‘ Plans under way to create united party of the left after referendum’ was the headline. The story about talks between the Radical Independence Campaign [RIC] and the Scottish Socialist Party was by Paul Hutcheon in the Sunday Herald [29 June 2014, p. 9]. A slightly longer version is on Paul’s blog here.
But how likely is that RIC could change from being a loosely structured campaigning group to becoming part of a new political party? In their book ‘Yes-The Radical Case for Scottish Independence’, James Foley and Pete Ramand discuss the possibility of ‘building an anti-capitalist party from scratch’
The SSP in Scotland and many similar parties in Europe offered legitimate models, but almost all of these groups seem to collapse amongst tribalism or splits. Building a party that is open to grass-roots alliances while remaining principled and disciplined in Parliament has proved tricky. Moreover, right now, building parties in Scotland is liable to lead to frustration and fall-outs, because no single party is capable of monopolising opposition to the market. As a result, the many and varied leftist parties outside Parliament find it difficult to convince ordinary people that they are serious and workable….a proper political alternative should not see ‘leadership’ as gaining admittance to the mystifying cult of parliamentary politics. We should aim to remove the macho aura around political officials, which has been a negative feature of the Scottish Left. Instead we should see generalising the skills of leadership and political participation as an equal part of our mission, as important in its own way as winning elections. The true democratic alternative lies away from Parliament, on the streets and in workplaces, although this does not mean regressing into the Left’s comfort zone of bitterness, jealously and sectarianism. [p.109-10]
For many, the attraction of RIC has been that it is a campaign not a party, an alternative way to be politically active beyond the ‘bitterness, jealousy and sectarianism’ of the Scottish Left. Any moves towards RIC becoming part of a new Left party could therefore been seen as a backward step, narrowing rather than broadening RIC’s appeal.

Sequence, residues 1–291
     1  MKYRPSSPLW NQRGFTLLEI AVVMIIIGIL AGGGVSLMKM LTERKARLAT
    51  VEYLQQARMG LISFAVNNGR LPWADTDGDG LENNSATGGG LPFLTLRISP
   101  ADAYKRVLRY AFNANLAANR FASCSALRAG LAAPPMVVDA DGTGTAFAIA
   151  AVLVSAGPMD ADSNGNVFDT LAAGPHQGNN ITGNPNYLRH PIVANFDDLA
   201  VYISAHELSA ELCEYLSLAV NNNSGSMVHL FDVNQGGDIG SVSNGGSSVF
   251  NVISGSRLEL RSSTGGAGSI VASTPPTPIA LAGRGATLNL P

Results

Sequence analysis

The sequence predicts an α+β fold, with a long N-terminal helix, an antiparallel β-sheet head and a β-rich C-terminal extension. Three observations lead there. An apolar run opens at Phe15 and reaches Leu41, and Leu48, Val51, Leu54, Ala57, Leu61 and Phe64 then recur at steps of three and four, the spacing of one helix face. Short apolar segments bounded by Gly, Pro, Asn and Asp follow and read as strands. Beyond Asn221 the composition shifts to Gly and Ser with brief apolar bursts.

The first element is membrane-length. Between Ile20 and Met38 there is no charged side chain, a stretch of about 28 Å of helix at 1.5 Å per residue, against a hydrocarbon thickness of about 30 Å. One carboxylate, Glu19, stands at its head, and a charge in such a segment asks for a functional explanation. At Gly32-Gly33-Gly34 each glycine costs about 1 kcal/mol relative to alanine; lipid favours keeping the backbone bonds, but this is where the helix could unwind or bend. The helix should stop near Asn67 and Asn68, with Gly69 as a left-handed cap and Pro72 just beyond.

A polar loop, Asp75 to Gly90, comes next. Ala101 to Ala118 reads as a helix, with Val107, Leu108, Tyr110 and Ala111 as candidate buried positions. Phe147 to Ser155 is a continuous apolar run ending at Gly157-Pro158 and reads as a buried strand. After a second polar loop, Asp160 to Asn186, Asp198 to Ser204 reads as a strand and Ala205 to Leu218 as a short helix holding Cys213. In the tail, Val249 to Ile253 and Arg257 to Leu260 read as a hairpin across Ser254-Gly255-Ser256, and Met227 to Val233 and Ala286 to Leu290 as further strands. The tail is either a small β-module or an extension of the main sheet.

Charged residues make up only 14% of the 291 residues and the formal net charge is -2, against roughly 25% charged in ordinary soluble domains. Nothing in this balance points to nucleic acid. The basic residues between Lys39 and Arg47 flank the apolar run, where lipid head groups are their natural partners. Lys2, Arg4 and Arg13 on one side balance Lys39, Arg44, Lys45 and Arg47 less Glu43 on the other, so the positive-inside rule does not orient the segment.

On the other hand, the implosion of the Labour party in Scotland will create a ‘vacuum’ in the Scottish political landscape. Post-18 September, something will have to emerge to fill the space formerly occupied by Labour. Reading the Common Weal’s ‘Practical Idealism for Scotland’ it struck me that large parts of it could be re-cycled by the Scottish Green party or a reformed/ renewed Labour party. However, although there are RIC/ Common Weal connections, Common Weal’s expert-based approach to the reform of the Scottish economy along social-democratic lines contrasts with RIC’s more radical, anti-neoliberal, bottom-up agenda as set out in ‘Yes- The Radical case for Scottish Independence’.
At this point I was going to suggest that Paul Hutcheon’s story might be traced back to a series of articles Ben Wray wrote for the International Socialist Group newsletter earlier this year. These made the case for a new Left party and can be read here.
However, Ben has told me he doubts if his articles did inspire the discussions mentioned in the Paul Hutcheon’s since the idea of a new Left party has been about ever since the Left imploded in Scotland.
At a radical Independence Dumfries and Galloway meeting last year I wondered out loud if RIC might become a political party in the future. There was no enthusiasm for this and the strongest views expressed were that RIC should continue as a campaigning organisation. Both RIC Edinburgh and RIC East Kilbride have had similar discussions with similar results. It is unlikely that many members of RIC would be in favour of RIC joining a new party of the Left in Scotland.